Probably the most common example of this is condo conversions.  These were all the rage pre-Crash and as financing continues to loosen up, and affordable housing demand increases, it’s a safe bet that condos will become popular again.Converting an apartment into a condo...a condo conversion...is another proven way to make money investing in real estate

A condo conversion is really a zoning change, in which an apartment building is converted (sub-divided) into a collection of individual units that can be sold separately.

Subdividing a property into smaller pieces which can be sold or devekloped separately is another proven way to make money investing in real estateBut you can also sub-divide a piece of land, or convert a residential property to commercial use or vice-versa.  A warehouse can become loft apartments or individual condos.  An apartment can become a motel or vice-versa.

Do you see how much fun this can be?

So where Jedi Knights use the force to change things around them, we use the change to force the equity and earn profits by adding value!

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How to Flip a Minnesota Foreclosure in 2014

According to MSN Real Estate, home flipping—the act of buying a dilapidated house, renovating it and selling it for profit—is heating up again. After the housing bubble collapsed some four years ago, the flipping world came to a grinding halt. Though plenty of inexpensive homes were available on the market, including many foreclosures, the flat-lined real estate market made flipping a risky proposition.

Now, however, the number of foreclosures and short sales in Minneapolis has fallen dramatically. According to The Skinny, a little over 35 percent of all closed Minneapolis home sales in November 2012 were foreclosures or short sales. In November 2013, that number fell to a little over 22 percent. If you’re in the market for a foreclosure to flip, now’s the time to act.

The latest flipping trend in Minneapolis, which the Star Tribune recently reported, is purchasing and renovating homes in the upper end of the real estate market. With fewer foreclosures to choose from, some of your fellow flippers have turned to tackling these million-dollar rehab projects in hopes of turning a big profit.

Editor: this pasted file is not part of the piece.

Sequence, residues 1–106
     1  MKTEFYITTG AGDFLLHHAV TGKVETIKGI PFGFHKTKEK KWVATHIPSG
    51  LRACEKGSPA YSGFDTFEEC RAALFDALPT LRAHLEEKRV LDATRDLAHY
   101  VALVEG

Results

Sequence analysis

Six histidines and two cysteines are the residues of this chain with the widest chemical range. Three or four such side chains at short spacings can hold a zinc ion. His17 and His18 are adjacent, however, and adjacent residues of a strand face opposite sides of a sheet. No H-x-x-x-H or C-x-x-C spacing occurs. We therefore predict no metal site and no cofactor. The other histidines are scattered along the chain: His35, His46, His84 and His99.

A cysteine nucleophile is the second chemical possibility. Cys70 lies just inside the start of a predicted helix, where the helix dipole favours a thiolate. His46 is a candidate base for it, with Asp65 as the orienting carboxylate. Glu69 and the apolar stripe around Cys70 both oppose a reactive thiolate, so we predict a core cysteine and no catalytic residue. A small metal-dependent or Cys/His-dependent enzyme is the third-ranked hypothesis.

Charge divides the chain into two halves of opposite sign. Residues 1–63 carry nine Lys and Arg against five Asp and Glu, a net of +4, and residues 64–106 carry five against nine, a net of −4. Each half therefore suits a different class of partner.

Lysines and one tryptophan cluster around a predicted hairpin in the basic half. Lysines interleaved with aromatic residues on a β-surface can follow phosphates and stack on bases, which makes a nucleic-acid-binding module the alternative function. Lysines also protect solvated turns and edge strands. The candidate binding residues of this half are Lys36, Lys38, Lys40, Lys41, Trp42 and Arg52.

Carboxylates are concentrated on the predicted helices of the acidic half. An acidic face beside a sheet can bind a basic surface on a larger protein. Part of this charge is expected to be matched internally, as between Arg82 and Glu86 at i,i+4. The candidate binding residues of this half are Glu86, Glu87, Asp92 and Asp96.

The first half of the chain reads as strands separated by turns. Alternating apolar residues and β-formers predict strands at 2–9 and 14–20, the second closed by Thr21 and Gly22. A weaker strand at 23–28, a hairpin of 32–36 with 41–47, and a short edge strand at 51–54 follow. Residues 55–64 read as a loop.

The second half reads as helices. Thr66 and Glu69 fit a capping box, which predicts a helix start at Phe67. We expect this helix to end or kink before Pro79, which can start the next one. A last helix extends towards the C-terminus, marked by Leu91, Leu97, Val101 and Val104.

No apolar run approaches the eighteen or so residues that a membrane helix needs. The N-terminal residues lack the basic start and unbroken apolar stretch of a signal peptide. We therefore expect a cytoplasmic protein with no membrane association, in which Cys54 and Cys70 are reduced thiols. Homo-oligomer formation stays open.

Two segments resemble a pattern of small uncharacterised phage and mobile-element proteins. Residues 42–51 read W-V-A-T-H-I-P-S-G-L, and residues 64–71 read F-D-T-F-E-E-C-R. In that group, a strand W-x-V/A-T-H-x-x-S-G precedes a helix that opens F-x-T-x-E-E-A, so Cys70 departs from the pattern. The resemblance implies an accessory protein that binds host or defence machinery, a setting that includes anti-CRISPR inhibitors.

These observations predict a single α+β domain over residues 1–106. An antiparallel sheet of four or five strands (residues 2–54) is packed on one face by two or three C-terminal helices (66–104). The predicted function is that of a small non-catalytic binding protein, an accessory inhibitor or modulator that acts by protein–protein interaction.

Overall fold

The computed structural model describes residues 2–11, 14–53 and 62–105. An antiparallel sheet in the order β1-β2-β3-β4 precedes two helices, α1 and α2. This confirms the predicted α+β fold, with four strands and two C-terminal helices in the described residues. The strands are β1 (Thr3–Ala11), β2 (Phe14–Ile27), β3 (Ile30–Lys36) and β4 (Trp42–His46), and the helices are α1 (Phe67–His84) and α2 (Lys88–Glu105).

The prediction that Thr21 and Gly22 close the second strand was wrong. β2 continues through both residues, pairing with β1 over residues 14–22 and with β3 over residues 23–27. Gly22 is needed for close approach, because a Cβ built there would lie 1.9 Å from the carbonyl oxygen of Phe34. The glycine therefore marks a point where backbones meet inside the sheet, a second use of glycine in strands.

Where to Start

Make sure that the foreclosed home you purchase is in a desirable neighborhood or community. Remember, with real estate, the old adage, “Location, location, location,” is almost always true. Do your research, especially if you are not familiar with a neighborhood. That home you’ve been looking at may seem like a real bargain because similar houses sitting just a few blocks away are selling for thousands more, but they may be in a different school district. Parents place high value on the schools their children will be attending, so the ones that service your neighborhood could significantly affect the price of your foreclosed property.

Don’t Skimp if You Purchase a High-End Property

With a high-end flip, you will typically be dealing with discerning buyers who expect quality, above all else, in their investment. If the foreclosed home you are planning to flip has cheap or dated carpeting, cabinets or countertops, replace those cosmetic areas with top quality items, such as hardwood floors and granite. The same holds true for your appliances.

Have a Dumpster on Site

Flipping generates a lot of trash and waste so have a dumpster on site so that all of your contractors will have a place to dispose of their rubbish quickly. Companies like Minneapolis Next Day Dumpsters rental, include the dumpster, delivery and pick-up all in their fee. Remember to ask your contractors to remove any waste removal costs from their estimates since you’ll be providing the dumpster on-site.

Stick to Your Timeline

While it’s not always possible to keep contractors on schedule, remember that the more time you spend on your flip, the less money you will be making in the long run. Each mortgage payment you have to pay cuts into any potential profit you stand to make.

This post provided by The Real Estate Guys™  guest contributor, Nettie Gomez